With dimensional scaling reaching economic limits, each company in the IC fab industry must rely upon trusted connections with customers and suppliers to know which way to go, and the only way to gain trusted connections is through attending live events. Fortunately, whether you are an executive, and engineer, or an investor, there is at least one must-attend event happening these days to keep you informed.
We should always start with SEMI (sponsor of SemiMD, personal friends for many years) who has always represented the gold standard for trade-shows, executive events, and manufacturing symposia around the world. I attended my first SEMICON/West in 1988, and have since attended excellent SEMICONs in Europe, Japan, Korea, China, and Singapore. This year’s SEMICON gathering in San Francisco will feature a nearly 50% increase in the number of technical sessions.
SEMI ran another excellent Advanced Semiconductor Manufacturing Conference (ASMC) in Albany this month, featuring keynotes by visionaries such as “Nanoscale III-V CMOS” by MIT Professor Jesus A. del Alamo. The panel discussion “Moore’s Law Wall vs. Moore’s Wallet, and where do we grow from here,” was moderated by industry veteran Paul Werbaneth, now with Intevac. It is clear that we will reach economic limits of scaling well before the physical limits.
Materials technology and supply-chain solutions to extend economic limits were discussed by Intel’s VP of Technology and Manufacturing Tim Hendry in a keynote at the Critical Materials Conference (CMC) held this year in Oregon in early May, as produced by Techcet CA (I am also an analyst with Techcet and co-chair of this event, while Solid State Technology was a media sponsor). David Thompson, Senior Director, Center of Excellence in Chemistry, Applied Materials showed that despite the inherent “Agony in New Material Introductions – minimizing and correlating variabilities” is possible with improved collaboration throughout the supply-chain.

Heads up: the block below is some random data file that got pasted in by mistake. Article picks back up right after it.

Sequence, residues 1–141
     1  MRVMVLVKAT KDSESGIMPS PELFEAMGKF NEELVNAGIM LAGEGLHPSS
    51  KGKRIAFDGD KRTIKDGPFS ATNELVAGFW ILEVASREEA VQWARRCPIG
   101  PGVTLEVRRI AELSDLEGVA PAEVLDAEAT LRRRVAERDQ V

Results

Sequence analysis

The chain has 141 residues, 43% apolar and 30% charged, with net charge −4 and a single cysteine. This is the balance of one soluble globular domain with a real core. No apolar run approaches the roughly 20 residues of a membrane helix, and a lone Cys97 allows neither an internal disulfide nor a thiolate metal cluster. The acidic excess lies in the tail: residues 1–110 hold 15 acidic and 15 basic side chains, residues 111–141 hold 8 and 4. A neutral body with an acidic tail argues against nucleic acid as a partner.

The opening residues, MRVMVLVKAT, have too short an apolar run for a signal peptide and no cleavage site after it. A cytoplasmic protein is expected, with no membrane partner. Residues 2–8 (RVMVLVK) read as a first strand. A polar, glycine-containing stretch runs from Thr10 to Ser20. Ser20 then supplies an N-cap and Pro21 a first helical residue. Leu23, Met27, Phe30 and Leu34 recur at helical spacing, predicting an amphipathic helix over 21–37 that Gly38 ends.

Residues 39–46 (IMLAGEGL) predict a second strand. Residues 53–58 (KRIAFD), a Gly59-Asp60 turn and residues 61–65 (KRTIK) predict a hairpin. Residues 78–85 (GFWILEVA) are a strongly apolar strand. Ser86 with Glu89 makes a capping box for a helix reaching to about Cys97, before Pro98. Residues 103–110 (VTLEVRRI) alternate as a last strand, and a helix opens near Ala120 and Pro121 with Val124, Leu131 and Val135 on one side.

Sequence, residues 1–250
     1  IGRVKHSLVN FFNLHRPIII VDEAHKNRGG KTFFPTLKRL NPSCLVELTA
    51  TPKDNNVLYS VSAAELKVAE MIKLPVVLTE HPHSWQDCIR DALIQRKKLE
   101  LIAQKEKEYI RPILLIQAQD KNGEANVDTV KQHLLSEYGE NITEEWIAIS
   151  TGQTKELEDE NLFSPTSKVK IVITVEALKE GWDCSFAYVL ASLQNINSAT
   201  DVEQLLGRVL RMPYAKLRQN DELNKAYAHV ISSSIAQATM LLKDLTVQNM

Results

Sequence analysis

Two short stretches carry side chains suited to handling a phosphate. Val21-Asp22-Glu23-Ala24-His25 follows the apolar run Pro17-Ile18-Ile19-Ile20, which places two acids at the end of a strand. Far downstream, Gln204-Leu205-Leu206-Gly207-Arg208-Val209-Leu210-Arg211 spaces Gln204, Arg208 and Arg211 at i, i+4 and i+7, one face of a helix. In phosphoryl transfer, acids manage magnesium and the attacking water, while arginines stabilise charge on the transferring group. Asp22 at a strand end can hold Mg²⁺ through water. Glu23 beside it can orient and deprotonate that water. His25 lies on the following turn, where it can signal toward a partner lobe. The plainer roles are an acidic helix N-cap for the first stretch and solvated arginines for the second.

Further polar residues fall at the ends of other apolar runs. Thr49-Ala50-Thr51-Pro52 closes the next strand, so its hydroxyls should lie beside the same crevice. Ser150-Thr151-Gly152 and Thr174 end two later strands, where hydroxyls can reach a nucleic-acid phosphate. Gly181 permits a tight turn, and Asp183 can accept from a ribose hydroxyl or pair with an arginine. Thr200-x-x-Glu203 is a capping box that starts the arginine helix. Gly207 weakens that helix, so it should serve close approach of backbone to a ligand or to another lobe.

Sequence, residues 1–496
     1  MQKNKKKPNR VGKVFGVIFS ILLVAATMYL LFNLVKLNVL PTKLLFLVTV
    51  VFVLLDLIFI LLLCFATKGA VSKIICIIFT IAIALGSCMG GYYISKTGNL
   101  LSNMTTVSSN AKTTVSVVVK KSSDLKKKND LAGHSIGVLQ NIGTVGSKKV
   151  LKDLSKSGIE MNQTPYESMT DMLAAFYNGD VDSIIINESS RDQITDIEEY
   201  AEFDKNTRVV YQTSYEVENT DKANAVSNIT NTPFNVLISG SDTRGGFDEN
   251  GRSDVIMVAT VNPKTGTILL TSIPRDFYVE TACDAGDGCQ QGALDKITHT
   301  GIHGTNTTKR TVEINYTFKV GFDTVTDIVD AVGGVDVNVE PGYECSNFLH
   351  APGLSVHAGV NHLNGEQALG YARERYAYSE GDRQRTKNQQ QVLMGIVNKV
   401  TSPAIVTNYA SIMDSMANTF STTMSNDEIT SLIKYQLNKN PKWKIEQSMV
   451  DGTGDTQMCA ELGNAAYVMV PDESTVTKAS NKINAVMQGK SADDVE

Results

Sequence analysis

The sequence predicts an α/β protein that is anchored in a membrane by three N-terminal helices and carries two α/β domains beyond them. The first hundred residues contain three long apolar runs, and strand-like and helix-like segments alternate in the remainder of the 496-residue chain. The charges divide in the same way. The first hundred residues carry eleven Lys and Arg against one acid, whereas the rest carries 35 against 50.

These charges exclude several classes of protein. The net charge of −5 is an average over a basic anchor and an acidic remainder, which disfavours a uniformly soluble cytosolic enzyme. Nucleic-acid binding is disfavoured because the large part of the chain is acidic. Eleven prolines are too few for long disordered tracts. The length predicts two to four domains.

The Imec Technology Forum in Brussells this month (Solid State Technology was a media sponsor) could best be described with Lake Wobegone hyperbole that all the women were strong, the men were good-looking, and everyone was above average. The big news is imec acquiring iMinds for greater synergies when integrating the latter’s algorithms with imec-ecosystem hardware for application-specific solutions. Gary Patton, now CTO and SVP of Global R&D for GLOBALFOUNDRIES, reminded everyone at ITF of the inherent speed constraints of the copper wires and low-k dielectrics needed to connect IC transistors, “As I’ve often said, It’s like you have a Ferrari but you’re towing a boat if you don’t address the interconnect delay issues.” Regardless, Patton confidently declares that, “We will continue to provide value to our customers to be able to create new products, and we will innovate in ways other than simple scaling.”
At ITF, a video was shown of imec president Luc van den Hove interviewing Gordon Moore at his beachfront home in Hawaii. Moore has always been humble and claims no special ability to forecast trends. “It would not surprise me if we reached the end of scaling in the next decade,” said Moore. “I missed the importance of the PC, and I missed the importance of the internet. Predicting the future is a difficult job and I leave it to someone else.”
Wally Rhines seemed able to predict the future when he eloquent expounded upon Moore’s Law as a special-case learning-curve in his presentation at ITF. Rhines will provide one of the keynote addresses at the ConFab in Las Vegas this year (Solid State Technology’s home event, co-sponsored by SEMI and by IEEE-CPMT). Executives from the global industry will gather to hear insights and analysis on the challenges facing all companies in the ecosystem, as we search for profitable pathways in a more complex landscape.